As of January 1, 2018, California’s small employers—those who employ 20 to 49 employees within a 75-mile radius—must provide job-protected unpaid leave for new parents to bond with a newborn child. This law is significant because it increases the number of employers who must provide parental leave. Employees of larger companies are entitled to job-protected leave under federal law.Details
An insurance policy is supposed to provide the insured policyholder with peace of mind: the policyholder and the insurance company have a contract stating that in exchange for premium, the insurance company will pay medical bills and provide other compensation in the event of an injury to the policyholder. Insurance is the only product that a consumer purchases which she hopes she never has to use. Unfortunately, however, when a claim is ultimately made, insurance companies do not always hold up their end of the bargain. When that occurs, a policyholder should consult a lawyer for assistance.Details
The Ninth Circuit Court of Appeals recently held that Allstate Corporation, the nation’s second-largest personal lines insurance company, acted in bad faith under California law by refusing to settle a motorcycle collision case. As a result of engaging in these unlawful tactics, the appellate court upheld an award of $14 million in damages to the plaintiff.
Insurance companies and policyholders agree to a number of terms in an insurance contract. For example, a company might agree to insure a business’s manufacturing plant in the event of a disaster such as a flood, in exchange for the corporation paying monthly premiums to the insurance company.
What’s more, every insurance policy in California is deemed by law to contain an “implied covenant of good faith and fair dealing.” This means the insurance company is supposed to treat policyholders fairly. Unfortunately, this does not always happen.Details
Insurance companies adjust workers’ compensation premiums based on a company’s actual losses compared with the “expected” losses of all other similarly sized companies in the same industry. This adjustment, or experience modification, is expressed as a percentage. A company with an experience modification of more than 100% has had a greater-than-expected number of claims (a worse-than-average experience), while a company with an experience modification of less than 100% percent has had a fewer-than-expected number of claims (a better-than-average experience).Details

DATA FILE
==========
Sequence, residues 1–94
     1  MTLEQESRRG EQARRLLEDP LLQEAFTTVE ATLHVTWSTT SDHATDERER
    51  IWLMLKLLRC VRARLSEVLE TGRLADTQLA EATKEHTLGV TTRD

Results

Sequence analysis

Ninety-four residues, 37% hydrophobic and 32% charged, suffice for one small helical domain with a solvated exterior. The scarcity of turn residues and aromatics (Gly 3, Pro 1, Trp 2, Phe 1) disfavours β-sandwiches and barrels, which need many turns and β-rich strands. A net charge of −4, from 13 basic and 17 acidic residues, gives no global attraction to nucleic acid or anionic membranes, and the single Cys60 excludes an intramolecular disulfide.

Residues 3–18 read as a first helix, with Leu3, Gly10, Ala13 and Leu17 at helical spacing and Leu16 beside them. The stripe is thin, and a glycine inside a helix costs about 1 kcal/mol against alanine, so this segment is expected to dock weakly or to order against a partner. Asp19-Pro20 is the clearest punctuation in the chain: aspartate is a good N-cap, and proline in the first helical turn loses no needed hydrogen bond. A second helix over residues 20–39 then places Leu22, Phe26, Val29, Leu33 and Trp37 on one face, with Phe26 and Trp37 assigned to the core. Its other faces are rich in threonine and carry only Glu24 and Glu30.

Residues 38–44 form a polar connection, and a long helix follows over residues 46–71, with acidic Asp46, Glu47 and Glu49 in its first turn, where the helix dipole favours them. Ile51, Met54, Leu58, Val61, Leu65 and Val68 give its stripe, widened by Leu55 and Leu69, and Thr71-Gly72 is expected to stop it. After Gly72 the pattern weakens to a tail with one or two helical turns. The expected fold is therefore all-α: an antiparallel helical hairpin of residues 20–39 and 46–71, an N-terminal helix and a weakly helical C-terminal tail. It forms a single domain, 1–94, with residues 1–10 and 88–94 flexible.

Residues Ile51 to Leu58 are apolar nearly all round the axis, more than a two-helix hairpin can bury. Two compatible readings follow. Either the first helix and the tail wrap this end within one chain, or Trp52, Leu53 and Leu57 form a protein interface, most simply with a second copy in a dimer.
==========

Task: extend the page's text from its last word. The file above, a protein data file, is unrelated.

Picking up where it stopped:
Insurance companies typically calculate workers’ compensation premiums based on the size of a company’s payroll and the type of work the company performs. Most companies’ premiums are also adjusted by applying an experience modification, which is expressed as a percentage. This modification adjusts the premium up or down depending on the company’s workers’ compensation claims history and is part of a merit-based system designed to provide employers a financial incentive to reduce work-related accidents.Details
Workers’ compensation insurance is required of all California employers—even those who only employ one person, part-time. The policy serves as a social safety net to provide compensation for employees who become injured on the job and also limits the liability of employers if an employee sues over workplace-related injuries.
Workers’ compensation insurance premiums are collected initially as an estimate. An audit following the end of the policy term corrects any projections that were wrong during the policy term. Premiums are calculated based on employer’s industry “classification code” and the employer’s “payroll”.Details
All businesses in California must carry workers’ compensation insurance in the event anyone who performs work for a company is injured while working. Unlike other types of insurance, workers’ compensation policy premiums are collected as an estimate during the policy term. Once the policy term ends, an auditor checks the premium amounts by conducting an audit. The audit reveals any real-time changes, such as departing workers who would reduce a company’s payroll (and thus affect the premium amounts) during the insurance policy term.Details
Workers’ compensation premiums, or the amount the employer pays to insurance companies to protect the employer as well as the employee in the event of a workplace accident, can be challenging to calculate. A premium is based in part on the dollars in payroll the company pays as well as the employer’s industry. Underreporting of payroll is considered insurance fraud.Details
Workers’ compensation premiums, or the amount an employer pays to an insurance company in exchange for the carrier providing medical treatment and compensation to employees in the event of workplace accidents, are audited at the end of the policy term. Before the policy becomes effective, workers’ comp insurance companies prepare an initial estimate of premiums, based on the amount of payroll and the type of work the employer does, known as the “classification code”. Once the policy term ends, a premium audit is performed to account for any differences from the initial estimates. For example, if several employees left the company during the policy term and were not replaced, payroll would decrease and the amount the employer would pay to the insurance company would need to be adjusted. Also, if the type of work changed during the year, different classification codes may be utilized.Details